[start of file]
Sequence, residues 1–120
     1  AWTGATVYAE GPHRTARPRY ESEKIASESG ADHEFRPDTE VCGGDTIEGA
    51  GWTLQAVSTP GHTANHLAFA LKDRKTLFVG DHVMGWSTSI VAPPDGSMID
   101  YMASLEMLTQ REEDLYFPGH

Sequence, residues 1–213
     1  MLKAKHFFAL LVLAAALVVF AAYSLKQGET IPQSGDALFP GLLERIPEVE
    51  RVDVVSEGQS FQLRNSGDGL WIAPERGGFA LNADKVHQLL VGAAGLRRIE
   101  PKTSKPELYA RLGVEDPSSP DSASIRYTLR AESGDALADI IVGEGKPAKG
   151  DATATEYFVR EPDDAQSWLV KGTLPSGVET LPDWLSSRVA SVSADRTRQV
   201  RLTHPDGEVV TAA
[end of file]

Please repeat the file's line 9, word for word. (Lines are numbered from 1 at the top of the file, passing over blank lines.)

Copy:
   151  DATATEYFVR EPDDAQSWLV KGTLPSGVET LPDWLSSRVA SVSADRTRQV